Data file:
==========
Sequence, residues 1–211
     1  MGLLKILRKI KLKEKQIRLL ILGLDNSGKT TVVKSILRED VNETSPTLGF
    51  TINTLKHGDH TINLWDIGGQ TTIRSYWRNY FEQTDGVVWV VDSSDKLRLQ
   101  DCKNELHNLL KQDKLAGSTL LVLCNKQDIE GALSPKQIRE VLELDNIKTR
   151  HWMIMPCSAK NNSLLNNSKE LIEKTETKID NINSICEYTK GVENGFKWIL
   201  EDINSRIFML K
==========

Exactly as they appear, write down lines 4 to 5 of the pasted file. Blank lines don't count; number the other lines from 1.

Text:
   101  DCKNELHNLL KQDKLAGSTL LVLCNKQDIE GALSPKQIRE VLELDNIKTR
   151  HWMIMPCSAK NNSLLNNSKE LIEKTETKID NINSICEYTK GVENGFKWIL